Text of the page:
A skunk found within the city limits of Dierks was confirmed rabid by the Arkansas Department of Health last week, bringing the total number so far for 2010 to 12 for the state. Four of those were in Howard County, where the total for all of last year was five, according to Susan Weinstein, DVM, State Public Health Veterinarian, who says that people need to be sure that their dogs and cats have been vaccinated.
The Arkansas Department of Health wants to continue to remind citizens of the potential for rabies in skunks seen out during the day and without fear of people or dogs.
Dogs or cats exposed to rabid skunks are confined and quarantined to see if they are going to develop rabies. If they have a current rabies vaccination, the quarantine period is only 45 days. However, if they are unvaccinated or not current, they are strictly confined for six months.
If an apparently healthy domesticated dog or cat bites a person, it must be captured, confined and observed daily for 10 days following the bite. If the animal remains healthy during this period of time, it did not transmit rabies at the time of the bite. The brain tissue of all wild animals must be tested for rabies if human exposure has occurred.
If the animal can't be quarantined for the specified time, it must be euthanized, according to the state's rabies control laws.
"It is especially tragic to see a family pet put to death because its owner didn't understand the risk," Weinstein said. "Rabies is a very dangerous virus and is fatal. Especially this season, folks need to make sure their pets are protected."
If you think you have become exposed to an animal with rabies, wash your wound thoroughly with soap and water and seek medical attention immediately. Contact your physician and county health unit immediately and report the incident. The animal in question should be captured, if possible, without damaging its head or risking further exposure.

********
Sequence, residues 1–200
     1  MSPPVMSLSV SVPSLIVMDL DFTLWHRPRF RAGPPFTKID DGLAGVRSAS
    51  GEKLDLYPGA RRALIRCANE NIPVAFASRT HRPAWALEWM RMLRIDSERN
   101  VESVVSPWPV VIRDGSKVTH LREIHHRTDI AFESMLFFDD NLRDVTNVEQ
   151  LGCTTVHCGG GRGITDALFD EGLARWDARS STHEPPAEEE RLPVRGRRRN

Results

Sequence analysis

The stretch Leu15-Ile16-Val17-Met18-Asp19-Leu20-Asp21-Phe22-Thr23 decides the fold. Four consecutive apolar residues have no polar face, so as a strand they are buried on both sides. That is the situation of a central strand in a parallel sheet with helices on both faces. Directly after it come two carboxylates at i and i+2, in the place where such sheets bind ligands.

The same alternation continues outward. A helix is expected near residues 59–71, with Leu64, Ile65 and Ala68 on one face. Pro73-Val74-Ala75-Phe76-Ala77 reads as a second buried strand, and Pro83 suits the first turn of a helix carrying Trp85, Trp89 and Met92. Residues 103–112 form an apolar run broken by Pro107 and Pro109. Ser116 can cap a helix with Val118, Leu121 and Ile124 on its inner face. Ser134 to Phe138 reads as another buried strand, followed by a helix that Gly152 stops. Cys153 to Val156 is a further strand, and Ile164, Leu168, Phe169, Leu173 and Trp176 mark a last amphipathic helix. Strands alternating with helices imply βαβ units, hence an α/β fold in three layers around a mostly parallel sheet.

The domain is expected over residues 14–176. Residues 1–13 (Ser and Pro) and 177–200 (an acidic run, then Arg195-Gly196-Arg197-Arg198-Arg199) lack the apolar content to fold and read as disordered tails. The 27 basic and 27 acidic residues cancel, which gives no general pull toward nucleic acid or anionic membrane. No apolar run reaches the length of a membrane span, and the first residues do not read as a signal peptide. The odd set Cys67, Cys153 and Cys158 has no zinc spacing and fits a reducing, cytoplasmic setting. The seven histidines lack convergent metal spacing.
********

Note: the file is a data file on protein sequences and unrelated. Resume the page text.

All dogs and cats in Arkansas are required to be vaccinated against rabies by a licensed veterinarian. This not only protects the animal, but also acts as a barrier between the wildlife exposures of rabies and people, as our pets are more likely to be exposed to a rabid skunk directly than we are. Children especially should be reminded not to touch wild animals and to stay away from stray pets.
What can you do to protect yourselves against rabies?
* Be sure your dogs, cats and ferrets are up-to-date on their rabies vaccinations.
* Do not feed, touch or adopt wild animals.
* Keep family pets indoors at night.
* Bat-proof your home or summer camp in the fall or winter (The majority of human rabies cases are caused by bat bites.)
* Encourage children to immediately tell an adult if any animal bites them.
* Teach children to avoid wildlife, strays, and all other animals they do not know well.
Report all animal bites or contact with wild animals to your local Health Unit. Do not let any animal escape that has possibly exposed someone to rabies. Depending on the species, an animal can be observed or tested for rabies in order to avoid the need for rabies treatment.
Rabies is a virus that attacks the brain and spinal cord and is fatal. It is most often seen in animals such as skunks, bats, and foxes. Cats, dogs, ferrets and livestock can also develop rabies, especially if they are not vaccinated.
In 2009, Arkansas had 47 rabies positive animals, including 36 skunks, nine bats, and two dogs. Four of these skunks were in Pike County, and neighboring counties of Howard, Hempstead and Clark had five, three, and four positive for a total of 12 more rabid skunks.
So far in 2010, the state has had 10 skunks test positive for rabies as well as one dog. The rabid skunks have also primarily been in southwest Arkansas including four in Howard, two in Montgomery, and one in both Nevada and Pike Counties.
The rabies virus lives in the saliva (spit) and nervous tissues of infected animals and is spread when they bite or scratch. The virus also may be spread if saliva from an infected animal touches broken skin, open wounds or the lining of the mouth, eyes or nose.
The first sign of rabies in an animal is usually a change in behavior. Rabid animals may attack people or other animals for no reason, or they may lose their fear of people and seem unnaturally friendly.
Staggering, convulsions, choking, frothing at the mouth and paralysis are often present. Skunks may be seen out in daylight, which is an unusual behavior for them, or they may get into a dog pen or under a house.
Many animals have a marked change in voice pitch, such as a muted or off-key tone. An animal usually dies within one week of demonstrating signs of rabies. Not all rabid animals act in these ways, however, so you should avoid all wild animals -- especially skunks, bats and stray cats and dogs.
For more information, call the your county health unit and ask for the Environmental Health Specialist, or Susan Weinstein, DVM, State Public Health Veterinarian, at 501-280-4136.